Should you allow a diesel engine to warm up before driving off?
No. You should depart immediately, but slowly. This is true for both diesel and petrol engines.
Idling a cold engine and waiting to warm-up before departing reduces the engine life. Why? Precisely because the engine shouldn’t run cold. Let me explain.
When idling at, say, 750 rpm, the engine warms up very slowly, especially if the engine is diesel. It will take, say, 15 minutes of idling to warm up. 15 × 750 = 11,250 revolutions. This means that all of the moving components made 11,250 cold, component-wearing revolutions.
If you depart immediately but slowly and drive at, say, 1500 rpm, the engine will reach proper temperature much sooner, after only, say, 5 minutes. 5 × 1500 = 7,500 revolutions. This means that all of the moving components made only 7,500 cold, component-wearing revolutions.
If you depart immediately and aggressively, the engine will heat-up even sooner, making even less revolutions cold, but the load on the components will offset the quick warm-up benefits.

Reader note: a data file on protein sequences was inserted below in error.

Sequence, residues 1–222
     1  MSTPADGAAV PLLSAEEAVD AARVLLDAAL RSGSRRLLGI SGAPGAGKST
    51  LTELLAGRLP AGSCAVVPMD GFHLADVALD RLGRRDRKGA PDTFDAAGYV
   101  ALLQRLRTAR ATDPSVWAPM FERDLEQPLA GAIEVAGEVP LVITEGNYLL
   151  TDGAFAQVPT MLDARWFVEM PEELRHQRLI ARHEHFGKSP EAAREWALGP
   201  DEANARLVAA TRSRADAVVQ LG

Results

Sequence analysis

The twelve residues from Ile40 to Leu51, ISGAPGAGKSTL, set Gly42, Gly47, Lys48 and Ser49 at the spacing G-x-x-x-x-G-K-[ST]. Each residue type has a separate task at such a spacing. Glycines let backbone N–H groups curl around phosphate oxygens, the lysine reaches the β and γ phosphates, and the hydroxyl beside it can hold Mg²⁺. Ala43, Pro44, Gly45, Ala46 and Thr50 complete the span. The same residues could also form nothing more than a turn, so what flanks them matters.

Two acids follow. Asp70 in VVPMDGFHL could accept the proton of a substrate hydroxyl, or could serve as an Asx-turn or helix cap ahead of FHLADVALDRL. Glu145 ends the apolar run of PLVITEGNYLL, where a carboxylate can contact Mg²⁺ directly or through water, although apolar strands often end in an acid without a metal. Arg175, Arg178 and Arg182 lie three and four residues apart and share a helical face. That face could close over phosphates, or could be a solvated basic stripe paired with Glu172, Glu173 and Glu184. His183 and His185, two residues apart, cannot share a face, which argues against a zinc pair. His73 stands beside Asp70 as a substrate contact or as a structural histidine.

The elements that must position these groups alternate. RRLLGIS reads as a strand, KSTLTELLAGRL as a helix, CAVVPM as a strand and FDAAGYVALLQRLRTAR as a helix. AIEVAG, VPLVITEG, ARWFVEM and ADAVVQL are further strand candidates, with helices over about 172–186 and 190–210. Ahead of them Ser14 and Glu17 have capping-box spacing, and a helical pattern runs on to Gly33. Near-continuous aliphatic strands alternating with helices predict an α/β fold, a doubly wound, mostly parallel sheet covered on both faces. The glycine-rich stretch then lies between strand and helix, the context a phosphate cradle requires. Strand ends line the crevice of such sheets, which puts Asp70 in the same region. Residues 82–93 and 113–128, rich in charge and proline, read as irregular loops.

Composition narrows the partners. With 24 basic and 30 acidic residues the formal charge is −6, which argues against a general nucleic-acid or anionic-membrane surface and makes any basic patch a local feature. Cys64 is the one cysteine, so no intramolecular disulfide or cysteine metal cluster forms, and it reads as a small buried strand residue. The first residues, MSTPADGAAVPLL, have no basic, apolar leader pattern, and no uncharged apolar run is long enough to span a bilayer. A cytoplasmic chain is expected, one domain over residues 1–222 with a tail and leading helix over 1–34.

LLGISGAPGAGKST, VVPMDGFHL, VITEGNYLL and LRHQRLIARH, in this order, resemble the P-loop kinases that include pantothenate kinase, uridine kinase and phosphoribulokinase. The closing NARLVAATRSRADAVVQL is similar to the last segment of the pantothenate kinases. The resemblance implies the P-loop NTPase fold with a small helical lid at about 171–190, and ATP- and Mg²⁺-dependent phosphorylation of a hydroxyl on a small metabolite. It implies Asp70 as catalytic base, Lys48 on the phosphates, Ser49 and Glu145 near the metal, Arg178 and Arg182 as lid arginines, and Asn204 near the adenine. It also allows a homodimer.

Counter-intuitively, the colder the weather, the more damaging idle warming is: the already long idle warm-up time is even longer. So, in winter, it is even more important to depart immediately but slowly.
So, if we we order the start-up styles from the most damaging to the least damaging:
1. Cold engine, aggressive start (most damaging)
2. Cold engine, waiting to warm-up while idling (moderately damaging)
3. Cold engine, immediate slow departure (least damaging).
I understand this is counter-intuitive (many things about cars are!), but if you really think about it makes perfect sense.